Review by Terry Gaisin
Prolific (52 & counting) Canadian playwright Norm Foster’s “BEDTIME STORIES” is a challenge not only for a director, but for audiences as well, given that format and plot lines are so contrived and web-like in coherency that concentration is highly mandated.
The six vignettes are totally diverse yet intermingled via a radio broadcast and by familial relationships. Personas that we meet prove to be someone mentioned, referred to or a character seen in a previous sketch. Foster does not telegraph these contrivances; thus the needed engrossment in order for the viewer to stay cognizant.
Binbrook Little Theatre is more than just a community effort…it’s a family affair as perusal of the repetitious surnames in the crew listings demonstrate.. Even director Adam Harrison is registered as wearing six hats. But as Truman once stated “The buck stops here” so it’s to the director’s province that my emphasis must be targeted. He’s done a superlative job. The timing; blocking; emphases and especially the cast selection is faultless. Harrison also demonstrates a knack for the on-stage minutiae that can usually enhance a scene.
The opening skit has an ambitious radio jock presenting a live late-night sex act on-air. Tristan Theberge is an XXXL giant with a funny haircut who ends up manipulated by his enlistees.
Both Sam Pennisi and especially Valerie Ballantyne are not only a credible couple, they’re super-cute. The dialogue, hesitancies, and even anticipations are all realistically presented. Surprisingly, there is a morality about the entire episode.
Scene two deals with a terminally ill JohnThompson being visited by a almost girlfriend from 2 decades previous. Obviously under duress, it seems that Ashley Brenzil’s ‘Susan’ had treated him egregiously on and after their one date. The agitation she feels is tangible. Thompson understates his repartee ‘zingers’ as well as extending the pauses before replies, but it is Brenzil whose portrayal stands out. Her facial expressions almost give away what her monologue or rebuttal are about to espouse.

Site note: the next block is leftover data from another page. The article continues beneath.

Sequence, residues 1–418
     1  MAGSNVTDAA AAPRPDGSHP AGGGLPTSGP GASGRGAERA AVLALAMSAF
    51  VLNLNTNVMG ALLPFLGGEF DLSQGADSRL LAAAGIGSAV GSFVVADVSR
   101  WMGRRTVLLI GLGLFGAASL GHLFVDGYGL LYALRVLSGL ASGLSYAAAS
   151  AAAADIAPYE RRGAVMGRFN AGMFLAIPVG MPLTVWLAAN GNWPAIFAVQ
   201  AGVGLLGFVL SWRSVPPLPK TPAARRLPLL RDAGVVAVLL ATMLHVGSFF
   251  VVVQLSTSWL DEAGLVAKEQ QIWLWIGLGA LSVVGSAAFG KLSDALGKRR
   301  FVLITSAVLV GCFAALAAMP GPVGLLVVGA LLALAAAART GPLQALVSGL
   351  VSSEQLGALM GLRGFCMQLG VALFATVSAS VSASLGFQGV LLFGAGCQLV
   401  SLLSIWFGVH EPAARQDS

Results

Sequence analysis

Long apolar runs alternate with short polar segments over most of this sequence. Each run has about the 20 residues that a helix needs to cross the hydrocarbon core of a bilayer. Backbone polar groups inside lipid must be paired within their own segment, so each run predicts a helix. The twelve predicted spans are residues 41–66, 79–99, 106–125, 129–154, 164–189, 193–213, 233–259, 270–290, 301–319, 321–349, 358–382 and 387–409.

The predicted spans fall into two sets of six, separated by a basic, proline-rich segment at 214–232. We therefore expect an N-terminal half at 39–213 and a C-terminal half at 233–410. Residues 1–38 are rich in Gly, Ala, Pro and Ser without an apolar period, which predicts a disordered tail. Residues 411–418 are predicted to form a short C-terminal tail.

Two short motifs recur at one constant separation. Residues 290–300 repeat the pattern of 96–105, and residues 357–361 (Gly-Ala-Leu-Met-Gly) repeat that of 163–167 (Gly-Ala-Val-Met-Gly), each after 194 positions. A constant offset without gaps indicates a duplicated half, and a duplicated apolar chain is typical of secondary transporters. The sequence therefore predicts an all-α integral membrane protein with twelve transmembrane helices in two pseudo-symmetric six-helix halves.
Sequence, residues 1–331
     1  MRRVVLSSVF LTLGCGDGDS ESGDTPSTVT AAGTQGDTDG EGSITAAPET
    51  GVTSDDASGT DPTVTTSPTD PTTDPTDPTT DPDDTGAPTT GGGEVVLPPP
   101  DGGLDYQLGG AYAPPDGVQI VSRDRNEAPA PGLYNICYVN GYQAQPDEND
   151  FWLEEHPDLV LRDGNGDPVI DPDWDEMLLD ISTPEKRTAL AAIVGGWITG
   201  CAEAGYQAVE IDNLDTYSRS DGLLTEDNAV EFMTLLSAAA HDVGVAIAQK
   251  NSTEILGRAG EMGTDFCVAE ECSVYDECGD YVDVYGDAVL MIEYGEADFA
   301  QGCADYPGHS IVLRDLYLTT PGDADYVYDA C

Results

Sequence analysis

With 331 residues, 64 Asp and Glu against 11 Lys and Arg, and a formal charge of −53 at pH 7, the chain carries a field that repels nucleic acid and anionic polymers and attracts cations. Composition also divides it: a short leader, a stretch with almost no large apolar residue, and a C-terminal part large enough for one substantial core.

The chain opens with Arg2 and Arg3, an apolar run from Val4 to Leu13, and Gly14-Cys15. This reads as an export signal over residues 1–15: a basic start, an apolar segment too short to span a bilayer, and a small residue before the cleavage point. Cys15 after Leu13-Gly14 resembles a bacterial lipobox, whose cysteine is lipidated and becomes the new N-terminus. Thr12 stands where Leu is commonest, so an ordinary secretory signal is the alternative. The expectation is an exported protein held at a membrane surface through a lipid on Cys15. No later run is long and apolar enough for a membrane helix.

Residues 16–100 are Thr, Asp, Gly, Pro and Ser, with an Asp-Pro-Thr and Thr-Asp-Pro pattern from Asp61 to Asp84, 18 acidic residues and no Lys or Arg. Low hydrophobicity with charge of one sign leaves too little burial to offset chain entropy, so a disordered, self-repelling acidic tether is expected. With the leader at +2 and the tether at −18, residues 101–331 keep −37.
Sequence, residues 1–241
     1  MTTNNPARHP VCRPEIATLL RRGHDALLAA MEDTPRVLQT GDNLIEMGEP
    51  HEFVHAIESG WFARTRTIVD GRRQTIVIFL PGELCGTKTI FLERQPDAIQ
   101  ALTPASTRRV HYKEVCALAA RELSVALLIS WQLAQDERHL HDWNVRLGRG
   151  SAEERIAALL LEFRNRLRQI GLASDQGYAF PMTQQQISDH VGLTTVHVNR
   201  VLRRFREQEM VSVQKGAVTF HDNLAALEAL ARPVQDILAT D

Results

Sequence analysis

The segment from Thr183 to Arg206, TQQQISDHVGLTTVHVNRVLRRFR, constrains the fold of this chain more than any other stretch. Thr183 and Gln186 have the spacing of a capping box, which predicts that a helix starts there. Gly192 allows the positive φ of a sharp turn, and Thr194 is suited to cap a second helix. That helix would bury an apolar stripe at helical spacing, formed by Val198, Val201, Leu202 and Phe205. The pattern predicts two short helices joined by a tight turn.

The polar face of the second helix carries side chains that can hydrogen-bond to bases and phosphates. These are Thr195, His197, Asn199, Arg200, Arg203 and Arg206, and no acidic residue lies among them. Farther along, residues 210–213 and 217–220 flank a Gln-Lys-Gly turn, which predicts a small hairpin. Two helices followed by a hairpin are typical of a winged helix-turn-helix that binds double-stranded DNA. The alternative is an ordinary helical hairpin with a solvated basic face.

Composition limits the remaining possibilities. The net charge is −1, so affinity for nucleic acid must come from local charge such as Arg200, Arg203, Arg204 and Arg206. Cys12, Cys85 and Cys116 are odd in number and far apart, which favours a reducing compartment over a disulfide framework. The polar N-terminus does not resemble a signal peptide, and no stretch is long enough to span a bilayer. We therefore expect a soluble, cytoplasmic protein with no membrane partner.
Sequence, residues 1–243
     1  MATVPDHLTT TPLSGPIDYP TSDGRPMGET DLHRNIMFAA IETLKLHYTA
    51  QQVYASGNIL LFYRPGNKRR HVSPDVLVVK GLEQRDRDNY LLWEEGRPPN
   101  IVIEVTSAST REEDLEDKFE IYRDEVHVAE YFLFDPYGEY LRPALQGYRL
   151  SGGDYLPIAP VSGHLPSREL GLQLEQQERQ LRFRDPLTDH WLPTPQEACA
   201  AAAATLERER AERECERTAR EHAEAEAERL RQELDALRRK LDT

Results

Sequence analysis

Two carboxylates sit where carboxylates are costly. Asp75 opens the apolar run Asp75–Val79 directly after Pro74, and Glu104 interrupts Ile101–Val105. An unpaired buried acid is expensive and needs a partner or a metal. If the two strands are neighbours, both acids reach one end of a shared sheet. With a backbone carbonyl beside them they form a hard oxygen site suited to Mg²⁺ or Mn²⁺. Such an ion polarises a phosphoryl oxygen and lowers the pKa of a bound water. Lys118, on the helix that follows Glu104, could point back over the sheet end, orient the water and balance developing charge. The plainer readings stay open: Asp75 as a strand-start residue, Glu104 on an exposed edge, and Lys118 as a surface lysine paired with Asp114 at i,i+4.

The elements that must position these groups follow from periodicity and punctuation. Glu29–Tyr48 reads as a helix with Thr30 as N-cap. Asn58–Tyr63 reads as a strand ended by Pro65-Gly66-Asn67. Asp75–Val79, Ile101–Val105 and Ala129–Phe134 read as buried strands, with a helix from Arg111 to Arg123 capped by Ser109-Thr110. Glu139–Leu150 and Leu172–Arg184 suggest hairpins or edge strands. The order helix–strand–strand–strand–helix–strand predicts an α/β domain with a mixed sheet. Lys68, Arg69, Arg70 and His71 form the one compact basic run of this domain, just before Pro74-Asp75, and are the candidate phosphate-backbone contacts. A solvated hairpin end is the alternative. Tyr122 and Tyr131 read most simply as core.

The next scene gives the audience a hilarious view of B& E at it’s intellectual worst. Mark Rogers and Greg Brenzil are the most unlikely team of crooks. Their rationales for the deed and the things they can’t seem to realize or anticipate make this writer wish it had been them who broke into our house a few years back.
Post intermission, Troy Smillie is a aging rocker whose room is invaded by a teenage fan who wants to add his name to her conquest list. Gina Montani is pure delight as the young vamp and her romping, threats seem to negate a surprising naivete when confronted with reality. Smillie pulls back the on-stage persona of make-up and manner that appeals to a fan base. Both are a well-matched team and the give & take constantly reflects this. Again, there is a morality about the story.
A change of pace brings Marc Brenzil and Michaela Hallok as a strip club owner and his klutzy dancer. She’s also a little light-headed cerebrally and her difficulty in grasping the rationale for this post-performance meeting is a constant hoot. Hopefully, Hallok’s pratfalls are all perfectly choreographed!. The last segment brings a scary Rachel Wade’s involvement with her two movers played by Kristopher Urech & Paul Marshall. Her emotional outbursts at these poor & uninvolved recipients will touch home with every audience member who has suffered a ‘stand-by’ while s*#t happens because of others. All three manage to handle themselves without resorting to hamminess. Yolanda is the route & location-challenged cabbie played by Andrea Chrysler.
We thoroughly enjoyed each segment and our own moods reflected what Adam Harrison was trying to interpret on stage. He and the team have succeeded. The play runs until May 8th.